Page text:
SANAA, Yemen — Yemen’s Houthi rebels are enduring fierce bombing raids in their northern strongholds, as a Saudi-led campaign pounds neighborhoods, markets and power facilities, according to residents and aid workers.
But the insurgents have not only survived — they also are threatening to push the war beyond this country’s borders.
Since early May, the rebels and their allies have launched near-daily attacks over the mountainous frontier into Saudi Arabia, even firing a Scud missile, according to Houthi fighters and foreign analysts. The Houthis say they have killed dozens of Saudi soldiers and civilians.
The Saudi attacks and rebel response are raising the tempo of the three-month-old war, which has dramatically worsened a long-standing humanitarian crisis in Yemen.
“There’s a risk that with continued aerial bombardment of Houthi targets, the Houthis, in turn, will push even harder to attack southern provinces [of Saudi Arabia], creating a security disaster for the Saudis,” said Theodore Karasik, a Dubai-based expert on military issues in the Middle East.
Analysts say the Houthis may be trying to provoke the Saudis into launching ground attacks in northern Yemen, which could leave the Saudis with heavy casualties. In 2009, Houthi rebels killed more than 100 Saudi troops in border skirmishes. The recent Houthi cross-border attacks also may be intended to strengthen the rebels’ bargaining position at U.N.-sponsored peace talks that began Tuesday.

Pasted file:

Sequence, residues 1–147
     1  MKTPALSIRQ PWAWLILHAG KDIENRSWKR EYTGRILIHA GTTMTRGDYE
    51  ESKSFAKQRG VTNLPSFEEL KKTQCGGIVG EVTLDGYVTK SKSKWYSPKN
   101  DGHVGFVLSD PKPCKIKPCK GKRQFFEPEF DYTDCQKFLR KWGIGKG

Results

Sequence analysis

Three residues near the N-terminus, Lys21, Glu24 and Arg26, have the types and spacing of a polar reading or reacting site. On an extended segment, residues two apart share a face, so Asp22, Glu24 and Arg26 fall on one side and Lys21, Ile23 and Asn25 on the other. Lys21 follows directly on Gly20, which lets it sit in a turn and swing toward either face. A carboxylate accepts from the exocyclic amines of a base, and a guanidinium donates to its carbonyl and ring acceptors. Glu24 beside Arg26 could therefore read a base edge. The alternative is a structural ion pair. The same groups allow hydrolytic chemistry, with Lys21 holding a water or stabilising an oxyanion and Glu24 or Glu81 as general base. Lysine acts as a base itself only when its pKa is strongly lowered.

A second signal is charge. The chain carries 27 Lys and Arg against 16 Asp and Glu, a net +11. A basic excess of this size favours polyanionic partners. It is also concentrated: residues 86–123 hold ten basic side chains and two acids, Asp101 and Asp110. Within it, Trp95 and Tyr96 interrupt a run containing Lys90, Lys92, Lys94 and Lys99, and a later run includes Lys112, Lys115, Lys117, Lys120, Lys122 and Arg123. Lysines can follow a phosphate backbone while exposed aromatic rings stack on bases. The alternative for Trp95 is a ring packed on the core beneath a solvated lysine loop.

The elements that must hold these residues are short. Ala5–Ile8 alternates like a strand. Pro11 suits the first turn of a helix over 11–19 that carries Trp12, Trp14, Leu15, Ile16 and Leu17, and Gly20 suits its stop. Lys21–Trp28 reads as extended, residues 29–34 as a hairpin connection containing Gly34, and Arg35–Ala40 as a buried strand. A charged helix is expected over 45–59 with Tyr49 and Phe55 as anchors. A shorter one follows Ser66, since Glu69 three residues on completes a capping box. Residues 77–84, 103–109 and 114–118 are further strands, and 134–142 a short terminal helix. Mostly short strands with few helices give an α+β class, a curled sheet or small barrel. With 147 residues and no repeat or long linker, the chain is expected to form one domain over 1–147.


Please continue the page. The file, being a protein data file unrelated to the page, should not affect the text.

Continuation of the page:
The Saudis and a mostly Arab coalition launched the air war in March, after the Houthi rebels overthrew the government of President Abed Rabbo Mansour Hadi and pushed to the southern city of Aden. Saudi Arabia, the region’s foremost Sunni power, views the Shiite rebels as proxies of its enemy, Shiite Iran.
Residents and aid workers say the Saudi-led offensive has been especially devastating in northern Saada province, the Houthi heartland, a destitute farming region. There, neighborhoods and villages have been leveled, they say.
“The level of destruction in Saada is quite overwhelming,” said Teresa Sancristóval, an emergency coordinator with the aid group Doctors Without Borders. Until late last month, she worked at the Republican Hospital in Saada City, the only functioning medical center in the province. The airstrikes have hit power facilities, banks and nearly every government building, she said. She said the hospital received a steady stream of wounded civilians.